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Bad Manners and Good Gossip

« Richard Strohman: Maneuvering in the Complex Path from Genotype to Phenotype | Main | Celia Farber: Moving AIDS to the Third World »

October 30, 2006


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It is with a modicum of trepidation that I leave the comments to this exchange open but given the higher level to which comments in general have risen lately (see here for example), and the incredible surge in the number, and change in distribution, of referring addresses (more on that later in the week), I am going to risk the intrustions of the peanut gallery comment crew whose briefest of bios can be found here.

But fair warning, any comment that is in the least bit disrespectful will be deleted with no further remark and the poster's IP banned forever with no appeal. We are seriously funny when we wish to be, and deadly serious all the time.


On the one hand, the 2000 paper that Dr. Depressed refers to (along with several later pubs on the same topic) contains, in my view, some of the rigor issues that plague the HIV research field and which Professor Duesberg and others here have called out. But on the other hand, this nuclear import paper contains some interesting data on HIV replication, and I would be appreciative of any explanations that Professor Duesberg or another expert could offer.

Dr. Depressed quotes a Stanford website's paraphrase of the abstract of a 2000 Cell paper from Pierre Charneau's group, and you, Professor Duesberg, reassure the Dr. by correctly pointing out the abstract's lack of reference to viral replication.
However, I would respectfully submit that the authors' goal in their abstract is to convey what they consider to be their main point: that a feature of the viral pre-integration complex is necessary for nuclear import. In the paper itself, the authors do present evidence of viral replication by two viruses in both primary cells (PBLs) and a cell line (MT4), but no such replication of an HIV lacking a functional "central DNA flap." With this defective virus in hand, the authors use in vitro and culture experiments to eliminate, in their view, several possible stages of the viral life cycle at which the virus could be defective: reverse transcription (they find DNA in the cells); integration (a mutant viral construct integrates in vitro); and "viral production" (viral DNA is inserted into cells to bypass the need for nuclear import...and viral protein is generated).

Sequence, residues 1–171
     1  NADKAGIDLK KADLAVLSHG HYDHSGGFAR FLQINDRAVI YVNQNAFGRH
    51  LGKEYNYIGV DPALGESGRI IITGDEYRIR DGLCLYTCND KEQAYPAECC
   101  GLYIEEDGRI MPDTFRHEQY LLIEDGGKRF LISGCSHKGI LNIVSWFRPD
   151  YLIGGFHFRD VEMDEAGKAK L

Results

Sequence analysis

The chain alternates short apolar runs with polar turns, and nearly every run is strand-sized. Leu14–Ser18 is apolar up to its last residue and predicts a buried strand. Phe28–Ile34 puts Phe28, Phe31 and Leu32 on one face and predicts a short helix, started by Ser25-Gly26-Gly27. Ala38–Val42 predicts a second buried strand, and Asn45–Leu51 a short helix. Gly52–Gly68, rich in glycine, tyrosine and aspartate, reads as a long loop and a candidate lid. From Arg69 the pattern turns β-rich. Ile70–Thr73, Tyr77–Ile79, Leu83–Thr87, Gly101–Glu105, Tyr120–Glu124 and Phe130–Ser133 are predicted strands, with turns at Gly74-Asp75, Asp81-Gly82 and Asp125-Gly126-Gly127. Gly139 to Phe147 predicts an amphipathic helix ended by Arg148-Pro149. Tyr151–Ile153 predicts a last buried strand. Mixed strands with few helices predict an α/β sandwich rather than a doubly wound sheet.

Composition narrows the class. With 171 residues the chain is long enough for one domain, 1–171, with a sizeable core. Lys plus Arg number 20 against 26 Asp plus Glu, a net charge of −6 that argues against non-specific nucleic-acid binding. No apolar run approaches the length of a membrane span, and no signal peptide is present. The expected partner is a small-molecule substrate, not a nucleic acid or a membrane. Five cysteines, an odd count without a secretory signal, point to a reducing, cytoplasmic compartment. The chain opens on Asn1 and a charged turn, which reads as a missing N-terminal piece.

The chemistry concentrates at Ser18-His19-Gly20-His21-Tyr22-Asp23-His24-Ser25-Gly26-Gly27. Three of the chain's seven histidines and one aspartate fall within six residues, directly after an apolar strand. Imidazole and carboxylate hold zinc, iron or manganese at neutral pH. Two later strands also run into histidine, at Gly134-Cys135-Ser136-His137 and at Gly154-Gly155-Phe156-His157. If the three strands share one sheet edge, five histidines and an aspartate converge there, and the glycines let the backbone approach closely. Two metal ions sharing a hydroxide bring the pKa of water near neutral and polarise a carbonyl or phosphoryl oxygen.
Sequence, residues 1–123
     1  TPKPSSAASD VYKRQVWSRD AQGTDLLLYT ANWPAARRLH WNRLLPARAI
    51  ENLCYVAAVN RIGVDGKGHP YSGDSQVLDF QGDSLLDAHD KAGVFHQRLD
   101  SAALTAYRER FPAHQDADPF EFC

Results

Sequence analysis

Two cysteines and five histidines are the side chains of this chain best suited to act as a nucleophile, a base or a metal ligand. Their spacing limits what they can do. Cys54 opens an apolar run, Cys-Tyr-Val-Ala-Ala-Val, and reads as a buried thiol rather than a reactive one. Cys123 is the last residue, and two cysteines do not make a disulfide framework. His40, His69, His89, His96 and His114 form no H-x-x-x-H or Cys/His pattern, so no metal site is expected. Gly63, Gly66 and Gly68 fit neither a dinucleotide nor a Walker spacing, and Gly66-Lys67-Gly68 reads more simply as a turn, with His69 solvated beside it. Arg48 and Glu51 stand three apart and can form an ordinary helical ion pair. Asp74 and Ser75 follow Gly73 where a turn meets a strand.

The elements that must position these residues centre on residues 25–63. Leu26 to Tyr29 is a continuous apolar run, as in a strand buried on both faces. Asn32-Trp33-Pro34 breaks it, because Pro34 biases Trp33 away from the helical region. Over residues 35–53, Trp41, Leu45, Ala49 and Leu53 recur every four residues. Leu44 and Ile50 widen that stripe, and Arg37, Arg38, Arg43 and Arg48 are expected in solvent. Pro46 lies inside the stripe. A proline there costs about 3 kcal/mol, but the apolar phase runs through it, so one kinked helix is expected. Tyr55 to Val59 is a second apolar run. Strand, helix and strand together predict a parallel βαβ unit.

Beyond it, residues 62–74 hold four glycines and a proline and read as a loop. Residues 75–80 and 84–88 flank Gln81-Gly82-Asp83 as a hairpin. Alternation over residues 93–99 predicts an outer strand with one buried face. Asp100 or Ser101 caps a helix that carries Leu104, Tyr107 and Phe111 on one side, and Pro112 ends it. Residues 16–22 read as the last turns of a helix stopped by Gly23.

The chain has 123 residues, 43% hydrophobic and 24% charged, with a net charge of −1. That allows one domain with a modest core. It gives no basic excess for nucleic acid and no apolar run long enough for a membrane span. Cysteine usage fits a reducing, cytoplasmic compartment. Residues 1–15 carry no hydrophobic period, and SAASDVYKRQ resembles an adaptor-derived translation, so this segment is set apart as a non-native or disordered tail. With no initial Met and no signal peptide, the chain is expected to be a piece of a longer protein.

I mentioned weaknesses in the 2000 import paper. Specifically, I refer to the lack of controls. Take Figure 3A, for instance, representing the production of viral protein after transfection of cells with a viral plasmid. We can of course take potshots at this artificial, highly contrived situation and speculate as to its relationship with what happens in a cell in an organism, but, then again, scientists have to start somewhere. My criticism of the experiment is that it lacks controls. If p24 was made by all cells transfected with the various viral constructs, there should be a transfected control that shows no protein production. This is similar to the situation seen in most cell culture experiments (and even animal "model" work) when viral particles are involved: the "mock" infections or "mock" inoculations are not sufficiently related to the real infection or inoculation procedure to rule out artifacts.

At the same time, though, I have a difficult time examining Figure 2 (where three viruses, including the flap mutant, are used to infect cells, and only the two non-mutants result in measurable RT activity) in Charneau's paper without concluding that virus replication may indeed be occurring in culture. I am well aware of the criticisms of RT assays (including that all cells are capable of producing RT enzymes). But this one experiment is refreshingly well-controlled; equal amounts of viral particles (as determined by protein levels) are placed on the cells, but one type of virus, with really minimal differences from the others at a biochemical level, does not result in RT production. If substances in the virus prep are killing cells and releasing endogenous RT activity (assuming sufficient endogenous to measure), then why would the third virus preparation not kill cells and release RT? If it is the virus, same question. There are only two explanations I can think of, other than outright falsification and manipulation, which I reject: 1)the authors are correct in proposing that a biological functionality of the virus (here, the DNA flap) is needed for viral entry into the nucleus and eventual replication of the virus (including RT release into the culture supernatant with newly-formed virions); or 2)the absence of the central DNA flap somehow keeps the mutant virus from killing the cells or otherwise mediating a release of RT activity into the culture supernatant.

My questions for you, Professor Duesberg, are the following:
1) Do you maintain that HIV cannot infect non-dividing cells, even in culture?
2) Although both RT assays and p24 assays may have serious problems, how is it possible that well-controlled experiments, like that shown in Figure 2A of the above paper, result in several viruses producing markers of viral replication, while a third (or other) virus does not?

I look forward to your response.


Dr. ED,

Very interesting and good question set and observations in my humble estimation.

However, I cannot say how quickly you might receive a reply from Prof. Duesberg, although I am certain you will, and quite a fullsome one, in due course.

But in the interim, and to avoid this becoming a series of posts that might to an unsophisticated reader seem very similar to your own, but which in fact would not be any more than pretentious regurgitation of material cobbled from internet search engines, I am going to now close these comments until I read something from the very busy, but very conscientious iconclast prof.